Although debate still rages over the true effects of carbon emissions and the increase of carbon dioxide in our atmosphere, there is little doubt that the Earth’s climate is, indeed, warming.
Whether a part of natural cycles, or man-made pollution, or both, climate change is happening.
Most of us are familiar with the dire predictions that come with an analysis of a warming Earth: coastal flooding due to the melting of ice in the Arctic and Antarctic, increases in violent weather such as more powerful hurricanes, dangerous thunderstorms and, ironically, more debilitating snowfall.
But there is an “evil twin” to global warming, as Jane Lubchenco, the chief of the National Oceanic and Atmospheric Administration, was quoted as saying by the Associated Press recently.
The problem is the acidification of our oceans. Higher levels of Carbon Dioxide in the atmosphere are resulting in an increase in the acidity of the oceans. This acidification of our seas is, it turns out, posing a grave threat to coral reefs the world over.
Acidification is occurring as the oceans absorb more and more carbon dioxide from the air. This is done through acid rain, and through the work of myriad species of plankton floating along the surface of the ocean. This acidity, although somewhat diluted in open seas, is concentrated in shallow waters. And shallow waters are where coral reefs are located.
The higher levels of acid in the water work to dissolve the reef’s calcium carbonate branches and prevent new ones from forming. It eats away at the shells of bivalves such as mussels and clams and even affects the fish that inhabit these delicate ecosystems.
Coral reefs provide shelter for numerous species of fish but are generally only located along coastlines and in relatively shallow water. Because of the shelter afforded by the reef, fish tend to congregate there. The loss of coral reefs would be a major biological disaster because of the loss of associated marine life.
In addition, coral reefs buttress the shorelines and provide protection from erosion and storms. The economic impact of degraded or destroyed coral reefs would be enormous.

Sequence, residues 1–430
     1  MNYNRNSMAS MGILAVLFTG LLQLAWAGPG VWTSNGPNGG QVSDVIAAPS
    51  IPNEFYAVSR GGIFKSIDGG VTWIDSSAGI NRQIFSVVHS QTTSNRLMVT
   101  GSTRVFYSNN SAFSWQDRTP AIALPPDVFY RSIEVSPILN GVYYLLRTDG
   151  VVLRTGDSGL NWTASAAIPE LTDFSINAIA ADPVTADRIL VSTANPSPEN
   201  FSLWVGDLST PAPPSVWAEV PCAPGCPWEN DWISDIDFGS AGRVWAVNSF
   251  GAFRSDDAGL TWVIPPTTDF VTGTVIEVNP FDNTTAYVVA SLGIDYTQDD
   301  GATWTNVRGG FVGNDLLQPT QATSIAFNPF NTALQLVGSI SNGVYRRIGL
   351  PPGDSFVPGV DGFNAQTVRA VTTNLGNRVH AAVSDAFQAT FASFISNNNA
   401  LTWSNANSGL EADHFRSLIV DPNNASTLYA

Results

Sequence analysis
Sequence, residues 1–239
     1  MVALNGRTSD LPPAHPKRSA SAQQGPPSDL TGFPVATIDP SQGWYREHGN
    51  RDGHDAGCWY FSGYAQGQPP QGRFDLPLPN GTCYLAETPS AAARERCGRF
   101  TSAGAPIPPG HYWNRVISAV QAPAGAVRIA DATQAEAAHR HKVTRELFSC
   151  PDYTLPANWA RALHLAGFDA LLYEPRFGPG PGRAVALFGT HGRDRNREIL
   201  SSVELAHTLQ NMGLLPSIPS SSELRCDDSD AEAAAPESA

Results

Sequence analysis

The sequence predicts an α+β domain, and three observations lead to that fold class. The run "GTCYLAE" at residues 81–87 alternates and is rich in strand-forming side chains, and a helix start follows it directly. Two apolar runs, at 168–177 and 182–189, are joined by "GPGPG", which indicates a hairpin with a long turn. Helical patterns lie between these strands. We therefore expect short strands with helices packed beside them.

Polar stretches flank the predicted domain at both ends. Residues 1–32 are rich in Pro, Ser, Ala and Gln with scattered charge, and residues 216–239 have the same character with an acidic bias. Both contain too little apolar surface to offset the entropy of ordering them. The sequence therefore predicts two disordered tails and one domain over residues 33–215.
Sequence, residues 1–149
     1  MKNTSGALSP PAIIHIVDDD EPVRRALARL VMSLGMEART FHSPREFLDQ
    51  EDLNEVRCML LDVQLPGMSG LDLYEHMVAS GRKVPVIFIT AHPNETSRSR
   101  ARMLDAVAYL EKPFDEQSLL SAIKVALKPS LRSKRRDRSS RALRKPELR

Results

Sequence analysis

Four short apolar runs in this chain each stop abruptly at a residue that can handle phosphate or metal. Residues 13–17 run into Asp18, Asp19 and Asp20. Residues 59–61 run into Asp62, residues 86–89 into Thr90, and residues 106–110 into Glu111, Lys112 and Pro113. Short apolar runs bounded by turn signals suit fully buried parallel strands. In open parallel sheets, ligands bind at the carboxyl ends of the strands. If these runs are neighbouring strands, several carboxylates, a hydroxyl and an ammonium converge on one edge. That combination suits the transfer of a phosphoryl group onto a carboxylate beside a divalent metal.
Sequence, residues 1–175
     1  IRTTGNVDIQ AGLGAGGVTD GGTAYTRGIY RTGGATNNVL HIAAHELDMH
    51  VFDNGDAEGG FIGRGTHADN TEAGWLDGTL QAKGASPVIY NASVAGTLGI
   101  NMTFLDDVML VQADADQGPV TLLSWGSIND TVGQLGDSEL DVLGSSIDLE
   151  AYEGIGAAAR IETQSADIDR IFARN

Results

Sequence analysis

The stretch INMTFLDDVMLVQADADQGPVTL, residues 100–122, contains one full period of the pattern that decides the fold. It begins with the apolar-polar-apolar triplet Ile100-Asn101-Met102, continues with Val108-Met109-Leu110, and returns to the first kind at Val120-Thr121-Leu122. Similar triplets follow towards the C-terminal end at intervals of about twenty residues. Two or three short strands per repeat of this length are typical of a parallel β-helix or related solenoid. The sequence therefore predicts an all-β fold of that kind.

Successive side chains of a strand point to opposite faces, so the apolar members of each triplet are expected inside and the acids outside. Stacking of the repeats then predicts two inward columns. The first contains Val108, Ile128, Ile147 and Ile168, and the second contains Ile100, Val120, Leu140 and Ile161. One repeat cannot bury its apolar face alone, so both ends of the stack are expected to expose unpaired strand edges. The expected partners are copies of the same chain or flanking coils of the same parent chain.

Coral grows very, very slowly, and most coral reefs as we know them today have taken millions of years to form. Yet the effects of climate change, including coral bleaching due to elevated ocean temperatures, and acidification, are undoing all these years of growth and having an immediate effect on these reefs. All around the world, coral reefs are damaged, dying and degraded. And while the general public focuses on higher temperatures, melting ice caps and coastal flooding, ocean acidification is very much like a “silent killer”.
The answers to global warming are not immediate; long term thinking and commitment is required to develop solutions to these problems. But we don’t have a long time to act. Getting our HOWs right environmentally means committing to preserving our planet for future generations and taking the steps necessary now to forge a long term path towards greater sustainability. It is troubling to see politicians, governments and interest groups drag out the debate while the world is changing around us. It is equally dis-heartening to know that in our short-attention span world long term commitment usually doesn’t survive the length of a presidential term in office. We need different thinking and greater resolve as a people. We need to act with urgency and with the long term view. That is what getting our HOWs right would look like in this case.